A man like this has many stories to narrate of human foibles, and the goings on behind the scenes. He also took a very active part in the administrative affairs of the Sikh temple or Gurdwara, being a very intense spiritual person.

Thanks to his self sacrifice his siblings have all done well for themselves. One of them is Sardar Lall Singh who rose to eminence in the Department of Forstry under the leadership of Tan Sri Salleh Nor.

For his distinguished service to the county Hakam was awarded the AMN honour.

Tan Sri Edgar Joseph jnr, and I have long since retired from the judiciary but about ten years behind him we are still plodding on to the end of the road.

In good chronological sequence Hakam has gone first. Mercifully he passed on peacefully carrying with him all the memories of a full life, well lived in the service of the country, the Malaysian community and his friends and family.

Even at this late stage, in the evenings of our lives, the death of Sardar Hakam Singh Gill has diminished us. Our only consolation perhaps is the thought that when we also pass into the shades he will be there to show us the way to achieve that peace which passes all understanding.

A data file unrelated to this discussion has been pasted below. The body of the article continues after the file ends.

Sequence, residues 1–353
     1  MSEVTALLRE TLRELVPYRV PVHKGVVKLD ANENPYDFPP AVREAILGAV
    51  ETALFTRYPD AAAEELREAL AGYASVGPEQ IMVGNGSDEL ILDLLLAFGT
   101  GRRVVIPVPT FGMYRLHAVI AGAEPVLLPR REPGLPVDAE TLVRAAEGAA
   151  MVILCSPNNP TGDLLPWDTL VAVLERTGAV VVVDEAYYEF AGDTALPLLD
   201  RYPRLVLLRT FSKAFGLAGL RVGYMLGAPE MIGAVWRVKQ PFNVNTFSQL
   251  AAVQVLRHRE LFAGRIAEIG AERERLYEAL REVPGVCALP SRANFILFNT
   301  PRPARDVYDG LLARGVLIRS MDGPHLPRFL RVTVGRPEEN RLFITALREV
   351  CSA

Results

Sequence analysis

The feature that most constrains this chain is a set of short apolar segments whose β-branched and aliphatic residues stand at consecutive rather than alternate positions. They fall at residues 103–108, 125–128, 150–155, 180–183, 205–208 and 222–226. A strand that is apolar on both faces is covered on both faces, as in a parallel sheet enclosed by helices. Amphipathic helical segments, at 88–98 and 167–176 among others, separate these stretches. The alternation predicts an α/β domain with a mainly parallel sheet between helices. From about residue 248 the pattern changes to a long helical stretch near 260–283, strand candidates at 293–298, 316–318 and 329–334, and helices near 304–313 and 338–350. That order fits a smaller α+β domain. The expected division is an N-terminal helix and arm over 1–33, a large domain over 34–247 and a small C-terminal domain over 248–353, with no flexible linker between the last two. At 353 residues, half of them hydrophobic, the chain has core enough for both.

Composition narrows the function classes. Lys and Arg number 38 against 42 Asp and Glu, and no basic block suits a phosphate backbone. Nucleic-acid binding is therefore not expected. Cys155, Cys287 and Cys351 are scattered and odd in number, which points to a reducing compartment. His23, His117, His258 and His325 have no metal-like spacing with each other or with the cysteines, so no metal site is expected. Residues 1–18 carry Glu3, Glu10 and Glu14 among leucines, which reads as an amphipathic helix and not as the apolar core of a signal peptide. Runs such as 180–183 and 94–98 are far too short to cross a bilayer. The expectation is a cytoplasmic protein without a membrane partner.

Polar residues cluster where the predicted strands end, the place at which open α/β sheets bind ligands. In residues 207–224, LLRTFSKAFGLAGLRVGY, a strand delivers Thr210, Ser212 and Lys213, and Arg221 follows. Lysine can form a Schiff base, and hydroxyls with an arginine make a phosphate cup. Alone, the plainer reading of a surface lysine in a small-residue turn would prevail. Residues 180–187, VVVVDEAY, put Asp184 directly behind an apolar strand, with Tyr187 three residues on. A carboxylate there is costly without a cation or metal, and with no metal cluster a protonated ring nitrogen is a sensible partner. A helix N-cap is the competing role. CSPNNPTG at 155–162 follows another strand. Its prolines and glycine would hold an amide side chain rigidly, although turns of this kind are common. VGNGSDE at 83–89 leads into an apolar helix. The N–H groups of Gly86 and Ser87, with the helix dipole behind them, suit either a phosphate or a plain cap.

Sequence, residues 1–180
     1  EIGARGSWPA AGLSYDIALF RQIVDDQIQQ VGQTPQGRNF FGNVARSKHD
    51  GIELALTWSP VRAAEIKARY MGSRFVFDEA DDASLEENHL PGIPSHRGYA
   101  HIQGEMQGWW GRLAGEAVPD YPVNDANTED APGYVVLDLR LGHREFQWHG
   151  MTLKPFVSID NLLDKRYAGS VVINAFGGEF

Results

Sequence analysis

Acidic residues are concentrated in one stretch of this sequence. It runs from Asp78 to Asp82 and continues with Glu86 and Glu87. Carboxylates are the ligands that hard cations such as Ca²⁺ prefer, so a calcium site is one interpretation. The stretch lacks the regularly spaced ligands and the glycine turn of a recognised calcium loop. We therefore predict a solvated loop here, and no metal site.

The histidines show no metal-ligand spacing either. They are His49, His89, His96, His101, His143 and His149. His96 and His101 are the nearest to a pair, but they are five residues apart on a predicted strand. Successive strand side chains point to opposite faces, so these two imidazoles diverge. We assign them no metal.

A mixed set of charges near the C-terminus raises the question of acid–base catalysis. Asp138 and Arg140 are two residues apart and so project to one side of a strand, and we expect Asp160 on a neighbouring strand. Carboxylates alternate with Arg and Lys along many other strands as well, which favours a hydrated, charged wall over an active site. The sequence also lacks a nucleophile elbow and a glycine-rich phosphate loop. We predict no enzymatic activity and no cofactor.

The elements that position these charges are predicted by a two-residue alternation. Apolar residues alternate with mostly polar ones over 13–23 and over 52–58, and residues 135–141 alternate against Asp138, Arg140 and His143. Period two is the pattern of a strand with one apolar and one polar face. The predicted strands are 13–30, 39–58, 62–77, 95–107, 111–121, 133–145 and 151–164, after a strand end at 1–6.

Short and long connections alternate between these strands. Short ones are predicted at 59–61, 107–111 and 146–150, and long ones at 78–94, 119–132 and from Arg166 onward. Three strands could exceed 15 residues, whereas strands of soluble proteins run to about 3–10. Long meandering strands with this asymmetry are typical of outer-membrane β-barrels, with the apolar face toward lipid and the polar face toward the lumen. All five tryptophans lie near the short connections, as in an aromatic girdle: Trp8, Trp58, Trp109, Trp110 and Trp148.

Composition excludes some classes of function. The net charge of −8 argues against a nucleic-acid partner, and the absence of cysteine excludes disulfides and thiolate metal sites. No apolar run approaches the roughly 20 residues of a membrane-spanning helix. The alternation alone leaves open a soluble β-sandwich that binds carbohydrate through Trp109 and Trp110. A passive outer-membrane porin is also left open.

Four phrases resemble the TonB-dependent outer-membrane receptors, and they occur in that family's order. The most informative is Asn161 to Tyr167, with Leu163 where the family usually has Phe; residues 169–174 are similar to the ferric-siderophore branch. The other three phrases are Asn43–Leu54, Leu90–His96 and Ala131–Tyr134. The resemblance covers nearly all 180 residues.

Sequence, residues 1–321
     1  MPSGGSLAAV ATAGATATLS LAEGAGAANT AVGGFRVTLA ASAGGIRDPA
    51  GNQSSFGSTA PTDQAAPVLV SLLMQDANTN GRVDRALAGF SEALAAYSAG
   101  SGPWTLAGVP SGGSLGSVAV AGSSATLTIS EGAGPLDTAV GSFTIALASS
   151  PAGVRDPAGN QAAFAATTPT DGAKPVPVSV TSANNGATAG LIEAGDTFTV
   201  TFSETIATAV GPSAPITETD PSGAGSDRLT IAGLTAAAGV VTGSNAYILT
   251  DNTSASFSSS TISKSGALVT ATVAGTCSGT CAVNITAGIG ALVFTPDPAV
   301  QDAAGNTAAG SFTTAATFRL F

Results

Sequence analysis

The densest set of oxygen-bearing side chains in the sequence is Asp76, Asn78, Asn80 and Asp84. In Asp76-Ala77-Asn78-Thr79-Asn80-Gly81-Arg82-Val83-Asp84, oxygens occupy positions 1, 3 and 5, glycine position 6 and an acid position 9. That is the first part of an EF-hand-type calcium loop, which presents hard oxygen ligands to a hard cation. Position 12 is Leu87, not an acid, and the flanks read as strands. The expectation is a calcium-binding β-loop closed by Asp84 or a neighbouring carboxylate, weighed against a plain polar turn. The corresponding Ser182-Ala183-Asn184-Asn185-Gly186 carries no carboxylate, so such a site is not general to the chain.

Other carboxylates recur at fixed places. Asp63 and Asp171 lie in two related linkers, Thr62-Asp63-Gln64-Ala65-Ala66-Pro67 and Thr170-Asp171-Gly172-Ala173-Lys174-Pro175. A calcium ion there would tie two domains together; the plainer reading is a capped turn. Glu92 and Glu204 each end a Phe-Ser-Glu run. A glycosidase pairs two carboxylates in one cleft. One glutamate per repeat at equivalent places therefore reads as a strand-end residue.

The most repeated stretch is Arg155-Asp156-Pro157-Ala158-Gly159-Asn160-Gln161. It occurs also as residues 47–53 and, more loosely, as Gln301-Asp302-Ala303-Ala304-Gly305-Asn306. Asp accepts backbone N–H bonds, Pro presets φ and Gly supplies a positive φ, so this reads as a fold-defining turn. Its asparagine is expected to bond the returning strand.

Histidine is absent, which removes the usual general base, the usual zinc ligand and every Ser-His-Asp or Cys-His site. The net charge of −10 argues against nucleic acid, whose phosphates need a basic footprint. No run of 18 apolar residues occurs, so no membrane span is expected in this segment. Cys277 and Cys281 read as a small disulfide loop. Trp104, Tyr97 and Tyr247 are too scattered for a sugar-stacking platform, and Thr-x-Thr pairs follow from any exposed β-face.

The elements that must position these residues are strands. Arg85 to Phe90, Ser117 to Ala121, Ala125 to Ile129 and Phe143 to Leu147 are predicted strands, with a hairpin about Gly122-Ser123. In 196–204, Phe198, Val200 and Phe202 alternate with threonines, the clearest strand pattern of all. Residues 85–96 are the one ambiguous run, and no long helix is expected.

[Mahadev Shankar is a prominent Malaysian lawyer and former Malaysian Court of Appeal Judge]

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[ASIA SAMACHAR is an online newspaper for Sikhs / Punjabis in Asia. How to reach us: Facebook message or WhatsApp +6017-335-1399. Our email: editor@asiasamachar.com. For obituary announcements, click here]

1 COMMENT

  1. Hakam Singh Gill was a Court Interpreter in Kampar Perak when I used to deliver Newspapers to his house as well and He founded the Punjabi school in Gurdwara Sahib Kampar too !! Sadly missed but he lived a full life n we are living with the Grace of Waheguru Ji. GOD bless his Soul and RIP Ji xxx
    Bhagwan Singh Virik 🙄😶🤗😇🤔☺📣